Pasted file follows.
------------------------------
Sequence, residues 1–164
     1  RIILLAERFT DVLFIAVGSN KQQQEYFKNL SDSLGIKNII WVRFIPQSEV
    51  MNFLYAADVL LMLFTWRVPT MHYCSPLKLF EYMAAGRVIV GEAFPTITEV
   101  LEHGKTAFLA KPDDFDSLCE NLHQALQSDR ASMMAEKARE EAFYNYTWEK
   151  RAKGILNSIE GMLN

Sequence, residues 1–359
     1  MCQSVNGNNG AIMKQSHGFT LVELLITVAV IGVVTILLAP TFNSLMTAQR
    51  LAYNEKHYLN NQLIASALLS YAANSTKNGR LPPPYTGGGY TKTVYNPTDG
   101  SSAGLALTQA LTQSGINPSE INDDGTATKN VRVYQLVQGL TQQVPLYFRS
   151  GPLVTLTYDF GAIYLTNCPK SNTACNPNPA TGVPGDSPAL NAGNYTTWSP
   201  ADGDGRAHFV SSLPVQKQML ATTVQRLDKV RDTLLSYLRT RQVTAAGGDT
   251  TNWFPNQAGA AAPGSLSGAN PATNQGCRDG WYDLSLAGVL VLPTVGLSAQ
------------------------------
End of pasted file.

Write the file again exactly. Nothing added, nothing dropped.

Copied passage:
Sequence, residues 1–164
     1  RIILLAERFT DVLFIAVGSN KQQQEYFKNL SDSLGIKNII WVRFIPQSEV
    51  MNFLYAADVL LMLFTWRVPT MHYCSPLKLF EYMAAGRVIV GEAFPTITEV
   101  LEHGKTAFLA KPDDFDSLCE NLHQALQSDR ASMMAEKARE EAFYNYTWEK
   151  RAKGILNSIE GMLN

Sequence, residues 1–359
     1  MCQSVNGNNG AIMKQSHGFT LVELLITVAV IGVVTILLAP TFNSLMTAQR
    51  LAYNEKHYLN NQLIASALLS YAANSTKNGR LPPPYTGGGY TKTVYNPTDG
   101  SSAGLALTQA LTQSGINPSE INDDGTATKN VRVYQLVQGL TQQVPLYFRS
   151  GPLVTLTYDF GAIYLTNCPK SNTACNPNPA TGVPGDSPAL NAGNYTTWSP
   201  ADGDGRAHFV SSLPVQKQML ATTVQRLDKV RDTLLSYLRT RQVTAAGGDT
   251  TNWFPNQAGA AAPGSLSGAN PATNQGCRDG WYDLSLAGVL VLPTVGLSAQ